For The Answer
By Calvin Finch, PhD, SAWS Conservation Director, and Horticulturist
Week of May 24, 2004
CUT FLOWER GARDEN
A cut flower garden in San Antonio can provide flowers for the house 12 months out of the year and also attract butterflies and hummingbirds as an incidental value. Raised beds are the best way to maximize production and ease of care. They are essential if you have heavy clay or rocky soil. The bed must be in full sun to maximize bloom availability. A bed 8 feet wide by 24 feet wide will provide enough flowers for a weekly bouquet and, in some seasons, several bouquets per week.
On most sites the raised bed only needs to be one cement block, one used railroad tie, or three landscape timbers tall. Fill the bed with landscape light or rose mix from your favorite horticultural supply and soil retailer. An 8 x 24 foot bed will require 7 cubic yards of soil mix. At $25/cubic yard plus $35 for delivery, your garden will cost about $210 for soil. The railroad ties cost about $10 each so the total cost of the bed is just under $300. The ties are heavy enough just to lay end-to-end without any fasteners as long as the site is relatively level.
Select the long stem and medium or tall versions of the flower varieties rather than the dwarf selections that have become so popular for landscape use. The main goal of a cutting garden is to have flowers to cut and decorate the house.
Here is a rundown of the flowers I use for cut flowers for the house. A good way to reorganize the planting and cutting information is to make a chart of your own. On the top of the chart put the labels “Month”, “Seed or Plant”, and “Cut Blooms”. Down the side of the chart put the months. It also works to write the information in your gardening calendar.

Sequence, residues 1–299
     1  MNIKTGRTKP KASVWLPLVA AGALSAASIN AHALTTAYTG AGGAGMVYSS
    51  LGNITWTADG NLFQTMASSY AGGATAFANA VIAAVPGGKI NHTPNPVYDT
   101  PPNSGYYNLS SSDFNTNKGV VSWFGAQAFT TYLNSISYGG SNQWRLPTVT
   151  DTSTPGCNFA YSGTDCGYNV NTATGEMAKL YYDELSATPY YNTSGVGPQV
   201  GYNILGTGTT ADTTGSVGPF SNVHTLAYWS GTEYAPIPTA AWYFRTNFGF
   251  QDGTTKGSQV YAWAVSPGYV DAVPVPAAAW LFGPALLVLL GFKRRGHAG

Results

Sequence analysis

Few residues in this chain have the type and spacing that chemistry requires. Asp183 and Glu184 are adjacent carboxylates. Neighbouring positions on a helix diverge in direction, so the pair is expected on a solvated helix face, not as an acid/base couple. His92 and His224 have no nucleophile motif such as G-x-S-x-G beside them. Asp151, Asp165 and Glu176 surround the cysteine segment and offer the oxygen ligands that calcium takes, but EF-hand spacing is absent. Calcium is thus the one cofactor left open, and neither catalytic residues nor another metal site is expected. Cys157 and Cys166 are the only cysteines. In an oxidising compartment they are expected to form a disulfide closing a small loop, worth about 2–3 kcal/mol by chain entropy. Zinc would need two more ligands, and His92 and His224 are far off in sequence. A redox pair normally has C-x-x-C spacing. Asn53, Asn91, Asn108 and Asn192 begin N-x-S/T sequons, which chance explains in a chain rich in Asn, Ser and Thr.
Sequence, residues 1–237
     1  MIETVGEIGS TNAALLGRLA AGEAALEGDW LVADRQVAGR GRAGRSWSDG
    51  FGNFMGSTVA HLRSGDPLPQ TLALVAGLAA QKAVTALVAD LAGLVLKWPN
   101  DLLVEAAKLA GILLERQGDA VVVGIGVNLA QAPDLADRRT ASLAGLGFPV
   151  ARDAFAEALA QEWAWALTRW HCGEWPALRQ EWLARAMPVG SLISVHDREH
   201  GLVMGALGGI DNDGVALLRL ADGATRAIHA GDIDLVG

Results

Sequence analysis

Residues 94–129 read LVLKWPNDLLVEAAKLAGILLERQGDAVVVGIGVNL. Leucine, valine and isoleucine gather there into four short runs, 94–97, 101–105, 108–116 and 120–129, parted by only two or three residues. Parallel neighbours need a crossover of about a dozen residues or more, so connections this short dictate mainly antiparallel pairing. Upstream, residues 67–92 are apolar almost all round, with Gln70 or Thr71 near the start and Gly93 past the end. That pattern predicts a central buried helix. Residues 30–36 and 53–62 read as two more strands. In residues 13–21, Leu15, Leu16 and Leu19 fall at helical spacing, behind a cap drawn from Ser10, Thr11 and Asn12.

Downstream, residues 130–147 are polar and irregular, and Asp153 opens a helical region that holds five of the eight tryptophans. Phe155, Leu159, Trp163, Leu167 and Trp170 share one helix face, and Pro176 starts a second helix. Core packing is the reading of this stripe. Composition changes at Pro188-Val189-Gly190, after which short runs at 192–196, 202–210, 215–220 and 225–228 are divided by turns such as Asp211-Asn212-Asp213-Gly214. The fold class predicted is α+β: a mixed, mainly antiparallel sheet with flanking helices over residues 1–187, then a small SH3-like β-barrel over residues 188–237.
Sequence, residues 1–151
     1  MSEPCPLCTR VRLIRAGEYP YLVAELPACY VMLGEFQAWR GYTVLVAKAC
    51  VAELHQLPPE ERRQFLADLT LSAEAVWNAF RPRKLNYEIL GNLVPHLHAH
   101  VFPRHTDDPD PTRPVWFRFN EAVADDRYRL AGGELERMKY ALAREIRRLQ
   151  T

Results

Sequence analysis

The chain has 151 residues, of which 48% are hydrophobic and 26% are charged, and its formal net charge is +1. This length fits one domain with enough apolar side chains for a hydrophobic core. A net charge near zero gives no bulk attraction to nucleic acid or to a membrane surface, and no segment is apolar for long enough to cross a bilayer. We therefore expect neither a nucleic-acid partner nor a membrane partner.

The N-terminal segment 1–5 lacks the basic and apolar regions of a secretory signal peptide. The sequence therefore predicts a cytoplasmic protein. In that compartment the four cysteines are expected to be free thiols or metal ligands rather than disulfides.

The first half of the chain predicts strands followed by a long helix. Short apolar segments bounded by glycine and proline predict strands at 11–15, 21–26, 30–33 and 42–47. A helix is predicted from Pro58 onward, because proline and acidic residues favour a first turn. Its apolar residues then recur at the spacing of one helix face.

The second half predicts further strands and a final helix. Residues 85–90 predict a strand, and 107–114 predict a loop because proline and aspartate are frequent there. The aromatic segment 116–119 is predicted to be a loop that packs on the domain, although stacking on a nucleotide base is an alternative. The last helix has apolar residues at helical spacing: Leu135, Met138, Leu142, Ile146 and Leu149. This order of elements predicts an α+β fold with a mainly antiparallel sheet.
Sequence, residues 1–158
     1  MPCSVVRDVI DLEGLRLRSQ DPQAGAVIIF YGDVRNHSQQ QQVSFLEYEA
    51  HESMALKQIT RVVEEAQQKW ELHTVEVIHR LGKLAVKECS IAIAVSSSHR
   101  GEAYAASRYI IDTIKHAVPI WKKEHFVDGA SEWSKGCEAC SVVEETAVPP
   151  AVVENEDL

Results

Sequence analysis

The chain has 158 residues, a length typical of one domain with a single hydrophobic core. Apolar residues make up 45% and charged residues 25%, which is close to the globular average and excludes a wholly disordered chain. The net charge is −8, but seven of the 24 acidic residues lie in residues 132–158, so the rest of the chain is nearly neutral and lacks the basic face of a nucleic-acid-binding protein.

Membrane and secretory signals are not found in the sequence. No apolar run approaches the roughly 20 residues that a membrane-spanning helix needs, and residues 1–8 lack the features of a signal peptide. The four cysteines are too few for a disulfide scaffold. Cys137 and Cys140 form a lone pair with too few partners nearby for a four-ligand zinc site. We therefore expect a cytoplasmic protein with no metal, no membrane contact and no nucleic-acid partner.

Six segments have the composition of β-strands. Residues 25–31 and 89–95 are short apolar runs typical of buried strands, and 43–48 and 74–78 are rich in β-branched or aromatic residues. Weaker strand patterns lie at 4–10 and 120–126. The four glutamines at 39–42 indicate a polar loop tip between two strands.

Zinnias—Plant as seeds or transplant in April or May and again in July or August. Harvest blooms throughout the summer and autumn. Zinnias are colorful flowers available over a long season. I like the Dreamland selection planted as transplants.
Sunflowers—Plant seeds in May, June, or July and harvest the flowers until cold weather arrives. Sunflowers respond well to the heat and provide striking blooms all summer. The small and medium sized blooming varieties are most useful as cut flowers—even they have long stems!
Cosmos—Plant seeds or transplants in April, May, or June and harvest the blooms all summer. Cosmos will bloom and reseed all summer. If the winter is mild the seed from the previous year will germinate.
Roses—Plants are placed in the garden any time of year but October through March is best. Harvest blooms from March through June and then again August through November. Roses are the favorite cut flower of most gardeners. You could select a mix of red, pink, yellow, white and other hybrid tea roses if you are willing to provide the necessary care. I prefer a few long blooming tough old-fashioned roses such as Belinda’s Dream and Katy Road to provide a long season of fragrant pink blooms.
Iris—Plant rhizomes in the autumn or container plants all year around. Harvest blooms of the cemetery iris in February and March. The Dutch iris bloom in March and April.
Daylilies—The bulbs should be planted in the autumn or plant containerized specimens anytime. Cut the flowers April through June and even later depending on the variety.
Daffodils and Paperwhites—Plant the bulbs in September, October, or November for blooms as early as December and January. Select the varieties that naturalize. All paperwhites and Campernelle, Golden Scepter, and Trevithian daffodils will naturalize.
Marigolds—Plant American hybrids in July or early August for blooms until cold weather.
Tulips—Plant the bulbs in November and December after six weeks in the refrigerator. They will have blooms for cut flowers in January and February.
Gladiolus—Plant glad bulbs in February for May blooms.
Larkspur—Plant seed in September or October for cut flowers in April and even May. Larkspurs have long stems of blooms in deep purples, blues, white, and pink. They can be seeded in the fall like a wildflower or planted as transplants in early spring. They naturalize well in a raised bed garden.